Chapter 9 Pumps, Valves, and Piping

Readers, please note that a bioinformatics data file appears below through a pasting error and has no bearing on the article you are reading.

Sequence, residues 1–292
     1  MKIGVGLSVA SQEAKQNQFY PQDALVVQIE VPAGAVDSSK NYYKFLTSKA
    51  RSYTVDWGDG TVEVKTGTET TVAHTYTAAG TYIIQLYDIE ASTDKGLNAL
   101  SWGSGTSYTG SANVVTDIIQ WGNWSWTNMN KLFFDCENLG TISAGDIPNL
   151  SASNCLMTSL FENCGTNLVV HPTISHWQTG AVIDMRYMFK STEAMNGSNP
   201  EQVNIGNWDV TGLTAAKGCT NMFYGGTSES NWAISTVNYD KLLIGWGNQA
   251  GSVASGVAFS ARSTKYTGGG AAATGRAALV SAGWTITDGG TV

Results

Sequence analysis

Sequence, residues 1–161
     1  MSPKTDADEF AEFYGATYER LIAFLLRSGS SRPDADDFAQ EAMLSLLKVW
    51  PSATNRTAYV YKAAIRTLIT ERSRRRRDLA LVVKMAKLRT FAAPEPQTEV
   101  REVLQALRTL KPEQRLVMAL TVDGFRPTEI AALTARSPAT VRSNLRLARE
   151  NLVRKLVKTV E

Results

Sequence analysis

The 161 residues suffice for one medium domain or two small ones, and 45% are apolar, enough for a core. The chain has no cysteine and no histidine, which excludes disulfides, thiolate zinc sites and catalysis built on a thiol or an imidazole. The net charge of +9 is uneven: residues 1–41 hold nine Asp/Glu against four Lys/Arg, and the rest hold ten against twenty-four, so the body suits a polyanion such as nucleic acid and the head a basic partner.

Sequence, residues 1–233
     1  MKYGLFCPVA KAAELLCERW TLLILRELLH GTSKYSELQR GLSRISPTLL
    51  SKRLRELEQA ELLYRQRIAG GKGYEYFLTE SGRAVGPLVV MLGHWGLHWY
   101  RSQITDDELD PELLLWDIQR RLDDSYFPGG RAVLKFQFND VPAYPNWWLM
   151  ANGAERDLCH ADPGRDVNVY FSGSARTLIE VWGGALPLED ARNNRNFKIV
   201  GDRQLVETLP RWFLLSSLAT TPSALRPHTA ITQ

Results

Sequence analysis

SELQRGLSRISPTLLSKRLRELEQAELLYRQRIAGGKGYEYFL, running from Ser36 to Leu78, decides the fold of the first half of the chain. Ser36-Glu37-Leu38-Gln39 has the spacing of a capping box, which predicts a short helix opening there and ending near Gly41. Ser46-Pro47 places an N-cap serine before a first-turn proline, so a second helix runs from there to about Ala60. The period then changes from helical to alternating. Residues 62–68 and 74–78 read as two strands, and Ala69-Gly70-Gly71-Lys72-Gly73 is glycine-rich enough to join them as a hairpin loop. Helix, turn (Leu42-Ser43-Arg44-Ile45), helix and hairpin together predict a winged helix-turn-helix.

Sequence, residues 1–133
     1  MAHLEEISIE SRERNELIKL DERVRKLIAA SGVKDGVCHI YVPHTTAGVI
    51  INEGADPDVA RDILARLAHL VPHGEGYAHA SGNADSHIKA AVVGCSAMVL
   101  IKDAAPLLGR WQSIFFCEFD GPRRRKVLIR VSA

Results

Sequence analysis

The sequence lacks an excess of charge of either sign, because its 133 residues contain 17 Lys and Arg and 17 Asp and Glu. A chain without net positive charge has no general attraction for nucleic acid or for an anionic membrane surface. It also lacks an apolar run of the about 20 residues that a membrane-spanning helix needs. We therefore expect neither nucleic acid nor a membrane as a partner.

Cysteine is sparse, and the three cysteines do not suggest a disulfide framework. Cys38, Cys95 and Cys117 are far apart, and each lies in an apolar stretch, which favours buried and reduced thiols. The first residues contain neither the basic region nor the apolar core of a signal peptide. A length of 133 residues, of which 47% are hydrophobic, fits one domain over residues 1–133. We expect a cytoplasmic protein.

CHAPTER 9 PUMPS,  VALVES,  AND  PIPING As  a  Fireman,  you  must  have  a  general knowledge  of  the  basic  operating  principles  of various   types   of   pumps   and   supporting   com- ponents, such as the different types of valves and piping  used  aboard  ships. Aboard  ship,  pumps,  valves,  and  piping  are used  for  a  number  of  essential  services.  They supply  water  to  the  boilers,  draw  condensate  from the condensers, supply seawater to the firemain, circulate  cooling  water  for  coolers  and  condensers, pump  out  bilges,  transfer  fuel  oil,  supply  seawater to  the  distilling  plants,  and  are  used  for  many other  purposes.  The  operation  of  the  ship’s propulsion plant and of almost all the auxiliary machinery  depends  on  the  proper  operation  of pumps.  Although  most  plants  have  two  pumps, a main pump and a standby pump, pump failure may  cause  failure  of  an  entire  power  plant. With  the  knowledge  gained  in  this  chapter, you  should  be  able  to  describe  pumps,  valves,  and piping  systems  in  terms  of  their  construction, function, and operation. The information in this chapter,  as  it  is  throughout  the  book,  is  of  a broad  and  general  nature.  You  should  refer  to  the appropriate   manufacturer’s   technical   manuals and/or ship’s plans, information books, and plant or  valve  manuals  for  specific  problems  with individual equipment. By studying this material, you  should  be  able  to  relate  to  the  specific equipment  found  on  your  ship. PUMPS Pumps are vitally important to the operation of  your  ship.  If  they  fail,  the  power  plant  they serve also fails. In an emergency, pump failures can  prove  disastrous.  Maintaining  pumps  in  an efficient working order is a very important task of  the  engineering  department.  As  a  Fireman,  you must  have  a  general  knowledge  of  the  basic operating  principles  of  the  various  types  of  pumps used  by  the  Navy. It is not practical or necessary to mention all of the various locations where pumps are found aboard  ship.  You  will  learn  their  location  and operation as you perform your duties. The pumps with which you are primarily concerned are used for  such  purposes  as .  providing  fuel  oil  to  the  prime  mover, .   circulating   lubricating   (lube)   oil   to   the bearings  and  gears  of  the  MRG, .  supplying  seawater  for  the  coolers  in engineering spaces, .  pumping  out  the  bilges,  and . transferring fuel oil to various storage and service tanks. CLASSIFICATION  OF  PUMPS Pumps   aboard   ship   outnumber   all   other auxiliary machinery units. They include such types as  centrifugal,  rotary,  and  jet  pumps.  In  the following  section  we  discuss  these  different  pumps and  their  application  to  the  engineering  plant. Centrifugal Pumps Aboard gas turbine ships, centrifugal pumps of various sizes are driven by electric motors to move different types of liquid. The fire pump and seawater service pump are two examples of this type  of  pump. A  basic  centrifugal  pump  has  an  impeller keyed  to  a  drive  shaft,  which  is  rotated  by  an electric  motor.  The  drive  shaft  is  fitted  inside  a casing, which has a suction inlet and a discharge 9-1


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